Welcome to the first article of this year’s Halloween series. Every Monday and Wednesday throughout October until Halloween day, Nerds and Beyond will be sharing our favorite Halloween-themed TV episodes and spooky movies. Today we are opening the time capsule and taking a deep-dive look into the horror classic, The Bride of Frankenstein.
The horror classic, first released in 1935, is the groundbreaking sequel to the film adaptation of Mary Shelley’s novel Frankenstein. The story takes place right after the events of the first film. Dr. Frankenstein (Colin Clive) recovers from his injuries from the mob attack and quickly falls under the control of his former mentor Dr. Pretorius (Ernest Thesiger), who wants to use Frankenstein’s expertise in creating life to build a whole new species of people. Meanwhile, the monster (Boris Karloff) goes on the run from the people who seek to destroy him after escaping the attack.
Despite the film being an iconic horror classic, it was well ahead of its time and wrapped in controversy. At the root is a theme of free will and a person’s right to choose, a plot for many modern stories, including the popular CW show Supernatural. At the forefront, you have two men taking life and death into their own hands in the hope of becoming living Gods as they create a sub-species of humans created and controlled by their desires. That’s where the bride comes into play. Cleverly enough, she doesn’t appear until the very end of the movie. But throughout the story, Dr. Frankenstein and Dr. Pretorius want to create the perfect mate for Frankenstein’s monster, with traits they believe to be desirable. They look at the bride as if she is a livestock, and the only goal is the reproduction of offspring. The plan ultimately blows up in their face when the bride comes alive and meets the monster for the first time. The new creation screams, showcasing her distaste and fear of Frankenstein’s monster, proving that the basic fundamental right of humanity is our ability to think and choose for ourselves.
On the flip side, you have the monster experiencing the world for the first time. The misunderstood creature is hiding in the woods in fear of his life when he meets and befriends a blind hermit. The older man takes in the monster without question, showcasing that there is still kindness in a world full of cruelty. The hermit doesn’t know Frankenstein’s monster is an unholy creation. He recognizes someone needing help. Quickly a friendship develops, and the monster learns basic skills like speech and human needs and feelings. The monster understands that food will sustain his life. But he also becomes gluttonous in his desires. The monster realizes he is the only one of his kind and becomes lonely, wanting companionship leading him back to Dr. Frankenstein and Dr. Pretorius. The monster meets his supposed bride but faces a harsh reality of life we don’t always get what we want. Despite our best efforts, not everyone will accept us.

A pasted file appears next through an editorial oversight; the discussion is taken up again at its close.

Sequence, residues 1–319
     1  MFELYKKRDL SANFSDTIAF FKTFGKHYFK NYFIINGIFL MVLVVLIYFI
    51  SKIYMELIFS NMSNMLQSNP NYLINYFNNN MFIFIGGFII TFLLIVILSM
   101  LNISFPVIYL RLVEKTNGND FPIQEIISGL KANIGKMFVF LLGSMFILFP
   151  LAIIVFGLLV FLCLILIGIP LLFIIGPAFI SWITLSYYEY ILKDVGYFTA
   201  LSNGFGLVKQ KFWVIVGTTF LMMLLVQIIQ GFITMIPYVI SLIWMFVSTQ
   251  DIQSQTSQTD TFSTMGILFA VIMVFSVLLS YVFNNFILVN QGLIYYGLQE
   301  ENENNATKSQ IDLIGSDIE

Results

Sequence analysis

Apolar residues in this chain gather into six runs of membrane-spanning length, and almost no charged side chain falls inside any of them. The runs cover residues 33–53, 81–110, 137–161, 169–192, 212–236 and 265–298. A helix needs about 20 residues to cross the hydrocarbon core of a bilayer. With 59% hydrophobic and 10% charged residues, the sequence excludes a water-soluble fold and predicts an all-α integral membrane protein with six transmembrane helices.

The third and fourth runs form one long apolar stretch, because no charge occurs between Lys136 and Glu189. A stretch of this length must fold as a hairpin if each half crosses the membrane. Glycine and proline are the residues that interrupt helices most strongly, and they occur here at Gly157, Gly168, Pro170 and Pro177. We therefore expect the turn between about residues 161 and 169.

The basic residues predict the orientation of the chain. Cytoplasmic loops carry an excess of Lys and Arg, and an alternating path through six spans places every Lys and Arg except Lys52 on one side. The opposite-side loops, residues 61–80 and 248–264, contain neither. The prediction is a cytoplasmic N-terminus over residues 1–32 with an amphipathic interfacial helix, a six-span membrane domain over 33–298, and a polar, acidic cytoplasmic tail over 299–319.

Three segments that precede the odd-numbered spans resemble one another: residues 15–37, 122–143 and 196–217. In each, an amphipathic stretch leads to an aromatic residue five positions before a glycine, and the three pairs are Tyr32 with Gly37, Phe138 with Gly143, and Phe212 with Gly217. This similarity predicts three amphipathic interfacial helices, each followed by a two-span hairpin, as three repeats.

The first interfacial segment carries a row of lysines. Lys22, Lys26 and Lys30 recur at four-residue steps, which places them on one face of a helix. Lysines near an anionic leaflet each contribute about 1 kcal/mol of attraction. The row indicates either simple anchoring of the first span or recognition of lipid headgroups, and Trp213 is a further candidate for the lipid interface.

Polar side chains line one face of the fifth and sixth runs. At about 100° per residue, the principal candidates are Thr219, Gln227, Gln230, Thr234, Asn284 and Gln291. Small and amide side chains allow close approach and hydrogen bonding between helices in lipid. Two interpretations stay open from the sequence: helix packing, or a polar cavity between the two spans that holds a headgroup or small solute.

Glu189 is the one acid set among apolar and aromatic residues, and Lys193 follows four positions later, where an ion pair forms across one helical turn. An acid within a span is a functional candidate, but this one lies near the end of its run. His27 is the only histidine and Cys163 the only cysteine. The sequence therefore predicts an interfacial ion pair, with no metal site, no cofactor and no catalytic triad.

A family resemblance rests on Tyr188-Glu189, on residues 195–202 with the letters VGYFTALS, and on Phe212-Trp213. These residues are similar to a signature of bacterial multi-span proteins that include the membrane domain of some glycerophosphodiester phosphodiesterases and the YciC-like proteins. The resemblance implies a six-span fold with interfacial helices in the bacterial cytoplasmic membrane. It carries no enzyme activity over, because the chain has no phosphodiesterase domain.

Mary Shelley was only 18 years old when Frankenstein was published and her writing broke glass ceilings going against the grain of what people expected of her. In a way, the film is a love letter to her. The beginning of the film subtly expresses this. When the audience meets Shelley (Elsa Lanchester), she is sitting in her house having a conversation with her husband, and their male house guest asks how she can write about such ugly and horrifying things. Shelley replies: “An audience needs something stronger than a pretty little love story. So, why shouldn’t I write of monsters?”
Long with its controversial storytelling. The Bride of Frankenstein paved the way for the use of special effects. The film began doing what many others of its time were too afraid to do, exploring new and unique ways to tell the story. In 1935 there was no such thing as CGI; everything had to be done by hand, and filmmakers relied heavily on mirrors, object placement, and camera work.
One film moment that sticks out the most to me for its use of special effects is when Dr. Frankenstein visits Dr. Pretorius for the first time. Pretorius tells Frankenstein that he has also been experimenting on life. Pretorius walks over to his table, lifting a sheet revealing his groundbreaking work. Mason jars with miniature-sized people inside, moving and talking; one tries to escape. The characters appear smaller than a Barbie doll, while everything else stays in proportion to the room. The realism of this moment is hands down one of the best illusions I have ever seen.
The Bride of Frankenstein is rated PG for its use of disturbing imagery and violence.
I hope you enjoyed this recommendation and give The Bride of Frankenstein a watch. Check back all month long for more Nerds Gets Spooky articles exclusively at Nerds and Beyond.